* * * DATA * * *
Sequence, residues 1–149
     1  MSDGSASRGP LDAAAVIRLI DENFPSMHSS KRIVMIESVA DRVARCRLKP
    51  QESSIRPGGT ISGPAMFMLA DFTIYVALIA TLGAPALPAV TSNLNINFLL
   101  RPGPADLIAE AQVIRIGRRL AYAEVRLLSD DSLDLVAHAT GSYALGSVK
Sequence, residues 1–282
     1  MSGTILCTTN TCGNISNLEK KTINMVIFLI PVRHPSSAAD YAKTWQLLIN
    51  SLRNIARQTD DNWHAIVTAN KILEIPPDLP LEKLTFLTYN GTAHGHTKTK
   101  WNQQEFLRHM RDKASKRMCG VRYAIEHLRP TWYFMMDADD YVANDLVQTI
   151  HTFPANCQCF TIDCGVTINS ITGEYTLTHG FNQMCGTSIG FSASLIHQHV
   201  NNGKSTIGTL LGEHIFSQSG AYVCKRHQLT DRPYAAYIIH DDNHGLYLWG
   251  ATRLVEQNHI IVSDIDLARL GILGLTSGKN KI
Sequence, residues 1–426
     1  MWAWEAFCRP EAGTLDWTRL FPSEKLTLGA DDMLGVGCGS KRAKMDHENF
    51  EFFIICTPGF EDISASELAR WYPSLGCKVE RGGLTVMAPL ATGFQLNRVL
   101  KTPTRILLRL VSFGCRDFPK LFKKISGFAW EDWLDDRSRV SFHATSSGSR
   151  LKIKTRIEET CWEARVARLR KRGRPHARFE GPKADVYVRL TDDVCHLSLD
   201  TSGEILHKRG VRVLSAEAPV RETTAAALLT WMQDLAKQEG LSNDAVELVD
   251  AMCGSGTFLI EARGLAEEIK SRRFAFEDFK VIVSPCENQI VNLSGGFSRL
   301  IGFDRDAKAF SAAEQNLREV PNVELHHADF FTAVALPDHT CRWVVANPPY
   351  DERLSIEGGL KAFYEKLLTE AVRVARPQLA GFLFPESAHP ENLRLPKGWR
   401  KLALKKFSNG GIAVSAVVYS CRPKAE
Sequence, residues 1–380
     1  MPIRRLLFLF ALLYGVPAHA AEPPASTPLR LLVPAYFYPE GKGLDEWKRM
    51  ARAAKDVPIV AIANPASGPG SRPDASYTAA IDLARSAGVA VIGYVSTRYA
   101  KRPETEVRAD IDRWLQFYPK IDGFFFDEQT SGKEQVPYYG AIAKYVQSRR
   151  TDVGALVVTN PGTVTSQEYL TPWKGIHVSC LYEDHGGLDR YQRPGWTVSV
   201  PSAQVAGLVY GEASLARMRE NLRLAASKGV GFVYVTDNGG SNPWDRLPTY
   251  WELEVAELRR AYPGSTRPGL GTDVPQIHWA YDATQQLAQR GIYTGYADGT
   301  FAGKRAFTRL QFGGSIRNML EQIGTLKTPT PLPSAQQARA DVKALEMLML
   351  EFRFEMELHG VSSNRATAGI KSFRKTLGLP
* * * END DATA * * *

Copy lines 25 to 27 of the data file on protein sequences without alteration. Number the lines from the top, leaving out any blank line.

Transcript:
   101  KRPETEVRAD IDRWLQFYPK IDGFFFDEQT SGKEQVPYYG AIAKYVQSRR
   151  TDVGALVVTN PGTVTSQEYL TPWKGIHVSC LYEDHGGLDR YQRPGWTVSV
   201  PSAQVAGLVY GEASLARMRE NLRLAASKGV GFVYVTDNGG SNPWDRLPTY